On the motion of fluids arising from different degrees of heat
According to Jacobi, a treatise with this title was read to the Berlin Academy on January 19, 1764. According to St. Petersburg Academy records, it was presented to that Academy on August 23, 1764.
In this paper, Euler improves on the ideas that he first suggested in E225. It contains the first correct physical explanation of convection currents as the result of the slight compressibility of a heavy fluid. Further, it strongly suggests the theory of line integrals and Kelvin diaphragms. One key idea Euler devleops in this paper is that the motion of a whole fluid mass is induced by different degrees of heat rather than the "internal motion considered by many to constitute heat." He also considers the situation of water in a vessel for which one part is hotter, and argues that the water in the lower portion of the vessel will "continually rise from the cold part to the hot, and contrariwise, in the higher portion will be carried down from the hot part toward the cold." Euler spends the remainder of the paper analyzing this type of flow in tubes.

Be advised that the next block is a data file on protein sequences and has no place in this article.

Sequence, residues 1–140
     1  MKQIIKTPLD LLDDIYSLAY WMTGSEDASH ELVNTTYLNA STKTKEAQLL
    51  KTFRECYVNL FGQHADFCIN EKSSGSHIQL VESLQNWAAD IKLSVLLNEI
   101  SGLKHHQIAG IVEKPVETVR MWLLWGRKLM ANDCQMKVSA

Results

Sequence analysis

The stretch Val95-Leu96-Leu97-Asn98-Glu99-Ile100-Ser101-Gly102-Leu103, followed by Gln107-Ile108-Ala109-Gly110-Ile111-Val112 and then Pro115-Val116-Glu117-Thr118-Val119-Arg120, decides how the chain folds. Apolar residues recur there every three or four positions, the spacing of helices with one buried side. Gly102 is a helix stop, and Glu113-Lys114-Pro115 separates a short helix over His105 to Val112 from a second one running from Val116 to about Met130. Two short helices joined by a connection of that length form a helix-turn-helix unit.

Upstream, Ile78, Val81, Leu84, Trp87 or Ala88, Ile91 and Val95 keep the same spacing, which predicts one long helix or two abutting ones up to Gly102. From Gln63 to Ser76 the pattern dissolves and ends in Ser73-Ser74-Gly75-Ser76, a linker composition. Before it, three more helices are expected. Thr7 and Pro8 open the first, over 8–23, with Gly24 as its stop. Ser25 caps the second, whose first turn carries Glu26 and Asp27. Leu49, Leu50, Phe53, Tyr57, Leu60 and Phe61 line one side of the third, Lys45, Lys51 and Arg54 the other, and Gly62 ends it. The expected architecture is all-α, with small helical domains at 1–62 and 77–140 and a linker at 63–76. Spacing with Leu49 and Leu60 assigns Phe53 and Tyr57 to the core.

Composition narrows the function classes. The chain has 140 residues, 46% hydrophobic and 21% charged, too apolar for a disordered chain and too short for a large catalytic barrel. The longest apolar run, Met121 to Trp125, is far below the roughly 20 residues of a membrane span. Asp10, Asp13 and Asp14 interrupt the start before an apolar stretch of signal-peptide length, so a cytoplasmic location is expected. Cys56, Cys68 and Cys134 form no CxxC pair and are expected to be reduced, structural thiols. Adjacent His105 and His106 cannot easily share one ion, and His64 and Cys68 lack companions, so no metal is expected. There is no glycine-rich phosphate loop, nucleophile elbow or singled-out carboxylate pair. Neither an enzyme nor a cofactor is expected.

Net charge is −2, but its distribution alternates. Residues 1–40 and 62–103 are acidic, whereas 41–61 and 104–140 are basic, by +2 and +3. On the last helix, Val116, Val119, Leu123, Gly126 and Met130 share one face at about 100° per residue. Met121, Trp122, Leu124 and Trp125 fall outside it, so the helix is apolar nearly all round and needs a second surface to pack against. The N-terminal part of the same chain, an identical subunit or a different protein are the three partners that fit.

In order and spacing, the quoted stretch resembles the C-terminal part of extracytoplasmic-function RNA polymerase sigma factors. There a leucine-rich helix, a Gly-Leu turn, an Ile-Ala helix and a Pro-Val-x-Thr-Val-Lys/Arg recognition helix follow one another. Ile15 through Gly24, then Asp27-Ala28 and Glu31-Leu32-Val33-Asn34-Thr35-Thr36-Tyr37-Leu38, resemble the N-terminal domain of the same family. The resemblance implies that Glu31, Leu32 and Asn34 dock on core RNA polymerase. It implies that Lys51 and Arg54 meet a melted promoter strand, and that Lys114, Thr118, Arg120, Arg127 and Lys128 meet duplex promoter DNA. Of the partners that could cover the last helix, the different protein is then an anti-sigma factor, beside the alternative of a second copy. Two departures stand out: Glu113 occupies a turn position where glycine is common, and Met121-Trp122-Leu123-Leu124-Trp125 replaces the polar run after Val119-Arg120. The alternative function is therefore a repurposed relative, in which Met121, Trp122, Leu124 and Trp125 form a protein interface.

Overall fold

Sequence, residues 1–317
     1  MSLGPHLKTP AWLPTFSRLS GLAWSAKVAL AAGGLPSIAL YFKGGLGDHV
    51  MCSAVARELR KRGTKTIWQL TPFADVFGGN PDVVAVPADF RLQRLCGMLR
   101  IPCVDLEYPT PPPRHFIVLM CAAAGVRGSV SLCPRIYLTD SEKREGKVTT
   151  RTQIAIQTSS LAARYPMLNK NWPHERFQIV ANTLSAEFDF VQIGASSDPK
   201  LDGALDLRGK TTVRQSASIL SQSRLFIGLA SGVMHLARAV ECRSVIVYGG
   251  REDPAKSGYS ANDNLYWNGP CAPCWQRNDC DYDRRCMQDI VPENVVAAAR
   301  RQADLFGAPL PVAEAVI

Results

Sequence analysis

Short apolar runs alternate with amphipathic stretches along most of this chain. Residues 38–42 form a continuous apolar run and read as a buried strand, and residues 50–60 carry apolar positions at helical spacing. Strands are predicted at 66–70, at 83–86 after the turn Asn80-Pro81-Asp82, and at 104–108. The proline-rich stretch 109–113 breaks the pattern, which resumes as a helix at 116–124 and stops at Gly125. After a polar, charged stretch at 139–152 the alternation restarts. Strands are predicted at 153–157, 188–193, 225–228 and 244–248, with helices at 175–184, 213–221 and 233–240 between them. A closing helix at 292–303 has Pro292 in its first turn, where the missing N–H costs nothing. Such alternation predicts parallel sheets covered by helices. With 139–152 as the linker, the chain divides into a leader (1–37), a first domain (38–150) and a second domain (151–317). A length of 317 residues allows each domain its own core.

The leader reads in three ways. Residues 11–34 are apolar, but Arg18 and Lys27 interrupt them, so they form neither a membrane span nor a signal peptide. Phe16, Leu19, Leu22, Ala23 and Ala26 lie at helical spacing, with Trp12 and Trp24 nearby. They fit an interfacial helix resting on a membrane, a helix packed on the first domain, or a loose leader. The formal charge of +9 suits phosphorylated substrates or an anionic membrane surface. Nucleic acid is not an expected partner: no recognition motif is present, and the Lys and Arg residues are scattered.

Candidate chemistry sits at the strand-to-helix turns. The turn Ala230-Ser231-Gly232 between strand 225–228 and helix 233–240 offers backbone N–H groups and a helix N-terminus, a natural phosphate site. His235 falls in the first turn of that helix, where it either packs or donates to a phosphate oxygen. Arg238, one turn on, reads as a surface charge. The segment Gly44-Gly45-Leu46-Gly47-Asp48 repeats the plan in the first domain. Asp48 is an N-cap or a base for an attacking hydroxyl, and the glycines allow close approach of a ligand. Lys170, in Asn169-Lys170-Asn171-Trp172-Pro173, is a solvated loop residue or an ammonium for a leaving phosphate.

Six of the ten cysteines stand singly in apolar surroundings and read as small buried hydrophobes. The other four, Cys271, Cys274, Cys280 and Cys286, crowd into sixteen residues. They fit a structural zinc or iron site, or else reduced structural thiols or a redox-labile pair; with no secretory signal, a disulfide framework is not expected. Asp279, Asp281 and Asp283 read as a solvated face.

Original Source Citation
Novi Commentarii academiae scientiarum Petropolitanae, Volume 11, pp. 232-267.
Opera Omnia Citation
Series 2, Volume 12, pp.244-271.